Start now looking for scholarships you can apply for - your school is a good place to start.
Remember - You can always change careers, go to college, or learn a trade. You don't have to be confined to your fist choice.
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María José’s Answer

Alaina,

I totally understand you. If going to college is something you really want but are worried about debt, I would go or call the university and ask about any financial help or scholarships that you can apply to. However, keep in mind that many occupations do not technically demand a certain degree or require you to go to actual college, so if you’re not 100% sure about college then definitely look into that. Don’t be afraid to explore and ask questions.
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Tavorius’s Answer

You could always start your own business or go into a profession that's a skill trade where you learn on the job
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Danielle’s Answer

When I first embarked on my career and college journey, I too was filled with similar worries. My path shifted numerous times, but I discovered that a wealth of employers are willing to provide tuition aid or reimbursement. I strongly suggest exploring cost-effective associate degree programs as your initial step. Afterward, secure a position with an employer. After a year of service, most employers offer tuition aid or reimbursement, which can assist you in achieving your bachelor's degree. This journey may seem daunting at first, but remember, every step you take is a step closer to your goal. Keep going, you've got this!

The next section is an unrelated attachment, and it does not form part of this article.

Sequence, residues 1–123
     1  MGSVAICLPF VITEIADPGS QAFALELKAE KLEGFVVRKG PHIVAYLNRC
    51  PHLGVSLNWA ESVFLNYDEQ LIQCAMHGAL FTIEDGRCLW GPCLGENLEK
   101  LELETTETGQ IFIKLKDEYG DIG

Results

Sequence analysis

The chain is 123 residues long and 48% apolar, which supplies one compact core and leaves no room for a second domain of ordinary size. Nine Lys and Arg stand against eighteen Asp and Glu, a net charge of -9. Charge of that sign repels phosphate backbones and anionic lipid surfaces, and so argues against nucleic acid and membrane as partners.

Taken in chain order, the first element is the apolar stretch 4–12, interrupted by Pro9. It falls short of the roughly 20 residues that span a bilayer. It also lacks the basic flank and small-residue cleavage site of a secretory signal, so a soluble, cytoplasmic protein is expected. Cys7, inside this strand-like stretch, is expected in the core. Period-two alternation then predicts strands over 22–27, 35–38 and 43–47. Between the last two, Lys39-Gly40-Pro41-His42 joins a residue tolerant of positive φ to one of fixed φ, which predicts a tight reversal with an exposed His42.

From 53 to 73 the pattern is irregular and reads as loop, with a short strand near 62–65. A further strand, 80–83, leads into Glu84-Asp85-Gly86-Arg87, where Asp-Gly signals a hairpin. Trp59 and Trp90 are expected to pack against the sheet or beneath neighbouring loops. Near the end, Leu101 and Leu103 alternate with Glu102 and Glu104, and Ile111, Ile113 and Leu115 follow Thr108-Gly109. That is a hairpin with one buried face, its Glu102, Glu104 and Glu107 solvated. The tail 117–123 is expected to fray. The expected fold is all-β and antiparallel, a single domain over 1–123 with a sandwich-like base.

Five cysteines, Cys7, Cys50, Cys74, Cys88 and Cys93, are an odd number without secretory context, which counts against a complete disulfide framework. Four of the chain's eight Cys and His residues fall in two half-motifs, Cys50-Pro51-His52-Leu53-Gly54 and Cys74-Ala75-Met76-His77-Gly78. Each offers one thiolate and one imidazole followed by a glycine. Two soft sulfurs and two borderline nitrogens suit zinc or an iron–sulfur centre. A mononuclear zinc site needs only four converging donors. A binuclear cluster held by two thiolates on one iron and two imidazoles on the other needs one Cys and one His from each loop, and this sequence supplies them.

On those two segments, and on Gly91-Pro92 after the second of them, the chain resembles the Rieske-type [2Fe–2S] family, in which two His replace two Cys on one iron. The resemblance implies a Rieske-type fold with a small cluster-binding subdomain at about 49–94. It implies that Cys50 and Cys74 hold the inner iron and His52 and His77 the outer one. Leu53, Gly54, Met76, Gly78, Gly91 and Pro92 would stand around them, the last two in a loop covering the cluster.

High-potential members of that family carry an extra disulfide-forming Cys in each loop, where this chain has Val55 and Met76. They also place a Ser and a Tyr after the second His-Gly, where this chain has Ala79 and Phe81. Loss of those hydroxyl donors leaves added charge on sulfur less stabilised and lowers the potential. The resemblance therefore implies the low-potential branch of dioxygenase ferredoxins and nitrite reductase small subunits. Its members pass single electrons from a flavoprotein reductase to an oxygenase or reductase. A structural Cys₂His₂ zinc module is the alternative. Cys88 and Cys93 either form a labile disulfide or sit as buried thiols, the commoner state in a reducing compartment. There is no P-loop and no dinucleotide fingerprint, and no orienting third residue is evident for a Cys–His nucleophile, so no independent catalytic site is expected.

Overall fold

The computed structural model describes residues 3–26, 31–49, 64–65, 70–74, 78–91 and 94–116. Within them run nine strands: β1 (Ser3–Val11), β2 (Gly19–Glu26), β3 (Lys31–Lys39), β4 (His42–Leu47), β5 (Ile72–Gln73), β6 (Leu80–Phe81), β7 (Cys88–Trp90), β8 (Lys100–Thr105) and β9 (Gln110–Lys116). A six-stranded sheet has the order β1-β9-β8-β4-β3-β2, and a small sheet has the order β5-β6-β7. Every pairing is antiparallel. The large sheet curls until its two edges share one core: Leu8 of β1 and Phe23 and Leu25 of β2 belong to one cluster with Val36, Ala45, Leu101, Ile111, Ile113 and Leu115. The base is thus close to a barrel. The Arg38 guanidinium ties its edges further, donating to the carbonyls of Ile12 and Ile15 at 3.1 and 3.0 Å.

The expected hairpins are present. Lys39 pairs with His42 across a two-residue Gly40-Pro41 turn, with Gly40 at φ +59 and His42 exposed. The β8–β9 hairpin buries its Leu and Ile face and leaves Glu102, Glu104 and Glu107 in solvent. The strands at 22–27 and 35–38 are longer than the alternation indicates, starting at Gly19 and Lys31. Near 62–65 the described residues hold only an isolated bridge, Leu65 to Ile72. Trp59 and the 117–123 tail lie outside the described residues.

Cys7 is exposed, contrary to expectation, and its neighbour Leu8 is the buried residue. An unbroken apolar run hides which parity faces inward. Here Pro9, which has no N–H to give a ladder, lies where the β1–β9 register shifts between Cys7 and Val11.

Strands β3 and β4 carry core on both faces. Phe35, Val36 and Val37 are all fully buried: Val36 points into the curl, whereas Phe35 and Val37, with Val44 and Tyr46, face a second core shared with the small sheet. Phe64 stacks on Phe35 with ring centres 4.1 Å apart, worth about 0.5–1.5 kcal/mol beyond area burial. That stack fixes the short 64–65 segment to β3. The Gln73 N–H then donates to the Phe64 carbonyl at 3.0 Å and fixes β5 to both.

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Lilyan’s Answer

Definitely! College is just one path to success, but it's not a surefire promise. Consider what you truly love doing, identify a job that aligns with that passion, and then pursue it with all your might! Always strive for excellence. Be curious, keep expanding your knowledge, whether it's through practical experience on the job or through free or low-cost training and certification programs. Work diligently and maintain good character, success is sure to follow.
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Gina’s Answer

This engaging podcast is a valuable resource to help guide your decision-making process. Check it out here: https://www.nytimes.com/2023/09/20/podcasts/the-daily/is-college-worth-it.html

Consider exploring the multitude of certificate programs or community college courses available. These programs are designed to equip you with specialized skills in a specific field. Increasingly, employers are recognizing and valuing these certificates as comparable to a 4-year degree.

It's commendable that you're carefully considering all your options and assessing the potential debt implications. Your thoughtful approach to this decision is a testament to your intelligence and foresight.